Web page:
Carol Wong-Li
Carol Wong-Li is Associate Director, Lifestyles and Leisure for Mintel. Carol researches and writes reports on the Canadian lifestyle and leisure industries.

The popularity of online shopping in Canada is undeniable with 80% of Canadians saying they’ve bought something from Amazon in the past year. Consumers go online for goods to take advantage of wide selection, competitive prices, and expedited shipping rates. However, convenience is the reason why Canadians still pick up the phone as opposed to racing toward their nearest store. As the retail landscape changes, new ideas will be implemented to attract Canadian consumers. So, what’s next for online shopping?

Smart speakers are changing how and when consumers shop

The greater usage of smart speakers has the potential to change the way consumers ask for and process information. Approximately 11% of the Canadian population owns a smart speaker and 17% of those who own one say they have used the device to shop online.

The use of voice assistants may often be used while consumers are multitasking. Amazon released an ad earlier this year introducing Canadians to the Amazon Echo, exemplifying the ease and efficiency it can offer consumers by showcasing a woman planning a summer party and asking Alexa for assistance throughout the process. The woman asks the voice assistant for the temperature, to reorder paper towels and to call up her summer playlist.

Owners of voice-activated speakers are also open to receiving information that is helpful and relevant to their lifestyle. Looking ahead, this has implications for brands and the way they provide information for consumers. In particular, as the nature of voice assistants is verbal, the information consumers are fed is more concise and streamlined compared to when a consumer is searching for information via desktop or mobile webpage. However, when responses are given in an auditory format via a voice assistant, they are given much fewer responses. For example, Google Home typically offers three options to a question such as “Where is the best Italian restaurant?”. This implies that the relationship between consumers and brands will also evolve moving forward.

Approximately 11% of Canadians own a smart speaker and 17% of those who do say they have used the device to shop online.

Amazon will continue to broaden its appeal to younger shoppers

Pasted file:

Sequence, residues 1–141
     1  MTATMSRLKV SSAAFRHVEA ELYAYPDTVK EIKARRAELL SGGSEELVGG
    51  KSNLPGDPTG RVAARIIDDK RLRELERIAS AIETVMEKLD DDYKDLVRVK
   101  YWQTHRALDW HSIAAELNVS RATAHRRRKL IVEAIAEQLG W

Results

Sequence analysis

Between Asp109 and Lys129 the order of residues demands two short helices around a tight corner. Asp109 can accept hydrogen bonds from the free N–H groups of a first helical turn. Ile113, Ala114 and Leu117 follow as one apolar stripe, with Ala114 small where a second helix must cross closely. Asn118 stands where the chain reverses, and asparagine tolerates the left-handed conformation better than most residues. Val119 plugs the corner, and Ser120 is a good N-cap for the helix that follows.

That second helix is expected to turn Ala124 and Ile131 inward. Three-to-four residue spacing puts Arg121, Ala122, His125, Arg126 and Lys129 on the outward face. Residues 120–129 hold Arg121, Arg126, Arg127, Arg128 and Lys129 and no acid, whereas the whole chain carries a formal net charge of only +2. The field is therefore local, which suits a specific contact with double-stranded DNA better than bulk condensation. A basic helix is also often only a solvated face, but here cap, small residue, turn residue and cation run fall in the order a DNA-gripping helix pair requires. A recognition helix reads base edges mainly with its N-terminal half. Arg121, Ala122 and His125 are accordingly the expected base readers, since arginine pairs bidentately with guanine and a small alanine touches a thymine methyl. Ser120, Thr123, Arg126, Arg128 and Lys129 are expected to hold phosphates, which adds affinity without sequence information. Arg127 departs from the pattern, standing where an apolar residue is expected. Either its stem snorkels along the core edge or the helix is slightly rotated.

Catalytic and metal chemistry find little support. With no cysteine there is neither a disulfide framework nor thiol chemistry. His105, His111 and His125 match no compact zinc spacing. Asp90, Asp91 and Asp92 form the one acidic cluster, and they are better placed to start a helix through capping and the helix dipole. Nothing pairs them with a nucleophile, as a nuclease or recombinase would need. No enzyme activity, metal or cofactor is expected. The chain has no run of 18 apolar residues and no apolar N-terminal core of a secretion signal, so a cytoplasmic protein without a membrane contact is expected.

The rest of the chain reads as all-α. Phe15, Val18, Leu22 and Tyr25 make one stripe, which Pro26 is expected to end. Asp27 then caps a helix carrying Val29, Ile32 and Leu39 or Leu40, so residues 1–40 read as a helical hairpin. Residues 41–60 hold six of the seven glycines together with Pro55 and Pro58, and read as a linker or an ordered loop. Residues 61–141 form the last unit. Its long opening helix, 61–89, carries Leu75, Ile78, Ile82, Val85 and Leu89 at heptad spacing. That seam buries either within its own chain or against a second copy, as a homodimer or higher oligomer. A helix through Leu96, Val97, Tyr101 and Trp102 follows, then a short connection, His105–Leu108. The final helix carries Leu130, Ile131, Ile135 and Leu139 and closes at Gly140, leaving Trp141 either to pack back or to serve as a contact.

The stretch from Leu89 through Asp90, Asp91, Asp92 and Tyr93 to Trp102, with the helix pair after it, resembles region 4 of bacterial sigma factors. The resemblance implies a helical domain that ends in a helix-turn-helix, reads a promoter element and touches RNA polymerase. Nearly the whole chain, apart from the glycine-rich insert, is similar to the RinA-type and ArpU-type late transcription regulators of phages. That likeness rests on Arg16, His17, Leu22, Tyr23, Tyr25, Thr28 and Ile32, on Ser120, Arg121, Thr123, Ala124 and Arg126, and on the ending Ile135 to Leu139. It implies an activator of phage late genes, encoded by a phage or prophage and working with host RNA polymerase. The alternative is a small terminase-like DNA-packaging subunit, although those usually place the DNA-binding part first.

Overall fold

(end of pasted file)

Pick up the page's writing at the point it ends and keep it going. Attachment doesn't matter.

Amazon released its Amazon Teen feature in the US which allows those aged 13-17 to get their own log-in for their parents’ Amazon Prime account. Teenagers will be able to keep their own wish lists, recommendations and Prime content private and separate from their parents but still able to enjoy the Prime perks such as free two-day shipping and stream Amazon content such as movies and shows. However, parents still have control as they are able to approve order details or set a spending limit.

Retailers create their own special celebration days

According to Mintel research on holiday shopping in Canada, nearly half (48%) of Canadians save their holiday purchases for special event days such as Black Friday or Cyber Monday. Retailers are aware of the higher consumer engagement and are taking matters into their own hands. Rather than fighting the clutter during these hyped-up days, there is a trend towards companies creating their own special sales event days as ways to motivate consumers during off-peak times.

Amazon’s Prime Day, which debuted in July 2015, is the epitome of this trend. More recently, Wayfair, an American e-commerce company that sells home goods, launched its very own ‘Way Day’ on April 2018, which promised some of its biggest deals of the year as a way to get consumers excited about buying furniture online.

Companies are finding ways to make shipping even faster

Companies are investing heavily in ways that will make shipping to the consumer quicker and more seamless moving forward. Which is why Amazon and UPS are investing in drones to make deliveries. Despite complex logistics and steep regulatory hurdles, the potential benefits to retailers of deliveries by drones are too good for retailers to pass up. While investment in such technology will cost more upfront, usage of robots to deliver items to customers ultimately means faster deliveries at a fraction of the cost for retailers.

Amazon is also exploring other ways to improve upon shipping. Late last year, the company announced its Amazon Key service which allows couriers to unlock a customer’s front door and drop of their package at home. Customers interested in this service will need to order a Amazon Key In-Home Kit, Amazon Cloud Cam, and one of several compatible smart locks. In a plan to make shipping convenient no matter where a consumer is, Amazon has announced that it will collaborate with GM and Volvo to deliver packages to the trunk of its customers’ cars.